In many countries, severely mentally disabled individuals become the targets of stigma, discrimination, and other human rights abuses. Routinely, children and adults with mental disabilities are arbitrarily detained in psychiatric facilities, social care homes, orphanages and other closed institutions. Out of public view, they are subject to the most extreme forms of inhuman and degrading treatment experienced by any population.
In this month's PLoS Medicine, Alicia Ely Yamin, human rights attorney, and Eric Rosenthal, Founder and Executive Director of Mental Disability Rights International (MDRI), document some of the worst examples of the abuse of people in psychiatric institutions and argue that adopting a human rights framework would help to prevent such abuse.
In Kosovo, for example, MDRI learned that women were raped in psychiatric facilities in plain view of local staff and international humanitarian relief workers. In Hungary and Paraguay, MDRI found people locked in cages. In Turkey, Peru, and Bulgaria, MDRI investigators learned of a practice called "unmodified ECT"--the use of electroconvulsive therapy without any form of anaesthesia or muscle relaxants--a practice that is both painful and dangerous.
People with mental disabilities, say Yamin and Rosenthal, have the "rights to exercise agency in their own lives and to participate as members of their communities and societies, and these rights trump other concerns such as general attitudes toward risk containment in society." They argue that "the starting point of developing a human-rights based policy on mental health is that mentally ill individuals are full human beings who are entitled to rights. Although seemingly obvious, in practice MDRI has found that the implications of these premises challenge predominant biomedical approaches to mental illness, as well as health services paradigms."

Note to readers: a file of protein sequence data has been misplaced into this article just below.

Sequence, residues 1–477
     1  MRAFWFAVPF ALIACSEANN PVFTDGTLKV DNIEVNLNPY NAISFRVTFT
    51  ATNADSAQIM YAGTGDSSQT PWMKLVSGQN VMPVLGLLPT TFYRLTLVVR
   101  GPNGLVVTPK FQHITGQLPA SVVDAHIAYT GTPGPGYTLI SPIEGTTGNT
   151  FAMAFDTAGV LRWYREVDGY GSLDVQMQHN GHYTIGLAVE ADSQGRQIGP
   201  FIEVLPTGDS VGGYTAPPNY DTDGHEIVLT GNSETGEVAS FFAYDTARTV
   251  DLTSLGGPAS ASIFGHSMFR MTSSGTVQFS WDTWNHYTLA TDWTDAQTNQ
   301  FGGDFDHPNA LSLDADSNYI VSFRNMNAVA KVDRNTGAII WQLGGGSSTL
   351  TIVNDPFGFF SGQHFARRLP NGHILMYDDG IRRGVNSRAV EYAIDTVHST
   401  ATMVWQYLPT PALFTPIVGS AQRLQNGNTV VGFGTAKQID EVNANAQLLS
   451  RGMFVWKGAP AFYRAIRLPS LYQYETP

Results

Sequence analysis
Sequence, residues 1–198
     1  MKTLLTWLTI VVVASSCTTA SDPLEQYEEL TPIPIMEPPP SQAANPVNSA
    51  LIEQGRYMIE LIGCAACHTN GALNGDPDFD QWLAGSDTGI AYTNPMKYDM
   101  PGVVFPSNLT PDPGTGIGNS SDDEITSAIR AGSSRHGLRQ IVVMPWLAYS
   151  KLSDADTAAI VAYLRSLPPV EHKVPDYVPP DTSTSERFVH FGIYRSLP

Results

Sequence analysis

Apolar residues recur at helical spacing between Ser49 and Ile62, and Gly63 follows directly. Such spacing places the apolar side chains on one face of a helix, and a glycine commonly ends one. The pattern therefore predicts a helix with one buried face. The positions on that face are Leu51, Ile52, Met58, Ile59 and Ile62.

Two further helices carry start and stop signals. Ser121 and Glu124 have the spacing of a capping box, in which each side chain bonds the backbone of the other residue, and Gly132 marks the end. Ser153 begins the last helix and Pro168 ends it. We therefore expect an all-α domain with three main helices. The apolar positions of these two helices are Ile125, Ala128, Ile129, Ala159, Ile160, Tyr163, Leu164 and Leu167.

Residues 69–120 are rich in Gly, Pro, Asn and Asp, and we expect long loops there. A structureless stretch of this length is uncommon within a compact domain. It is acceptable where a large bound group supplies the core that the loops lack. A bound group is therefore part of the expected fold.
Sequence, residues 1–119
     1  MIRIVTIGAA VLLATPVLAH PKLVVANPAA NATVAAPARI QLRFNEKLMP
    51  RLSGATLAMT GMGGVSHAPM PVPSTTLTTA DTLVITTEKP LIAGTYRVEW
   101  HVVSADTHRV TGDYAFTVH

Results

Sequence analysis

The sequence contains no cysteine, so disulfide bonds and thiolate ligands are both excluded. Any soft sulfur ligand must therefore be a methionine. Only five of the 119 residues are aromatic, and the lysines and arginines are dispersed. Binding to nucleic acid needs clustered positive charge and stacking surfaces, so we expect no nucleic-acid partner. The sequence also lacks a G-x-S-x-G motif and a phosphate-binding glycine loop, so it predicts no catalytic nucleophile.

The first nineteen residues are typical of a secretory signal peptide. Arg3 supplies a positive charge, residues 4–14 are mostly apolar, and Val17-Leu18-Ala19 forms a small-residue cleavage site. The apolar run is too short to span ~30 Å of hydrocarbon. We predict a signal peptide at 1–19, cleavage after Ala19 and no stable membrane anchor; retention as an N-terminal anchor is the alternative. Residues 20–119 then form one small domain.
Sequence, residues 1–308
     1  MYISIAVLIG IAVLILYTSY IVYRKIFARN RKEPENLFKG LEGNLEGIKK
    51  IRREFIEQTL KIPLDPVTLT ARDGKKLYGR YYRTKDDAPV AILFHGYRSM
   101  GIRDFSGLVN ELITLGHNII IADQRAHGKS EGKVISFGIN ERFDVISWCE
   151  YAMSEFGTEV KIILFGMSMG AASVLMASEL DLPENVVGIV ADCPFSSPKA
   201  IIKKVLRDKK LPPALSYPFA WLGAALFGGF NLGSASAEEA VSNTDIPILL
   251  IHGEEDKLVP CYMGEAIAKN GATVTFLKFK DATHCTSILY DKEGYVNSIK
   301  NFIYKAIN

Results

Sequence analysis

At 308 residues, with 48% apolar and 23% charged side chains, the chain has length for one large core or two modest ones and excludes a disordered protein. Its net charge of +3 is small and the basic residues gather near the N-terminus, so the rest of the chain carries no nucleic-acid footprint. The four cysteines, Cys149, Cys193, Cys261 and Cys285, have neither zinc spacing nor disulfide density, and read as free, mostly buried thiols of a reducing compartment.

Source: Eurekalert & othersLast reviewed: By John M. Grohol, Psy.D. on 21 Feb 2009
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Let me listen to me and not to them.
-- Gertrude Stein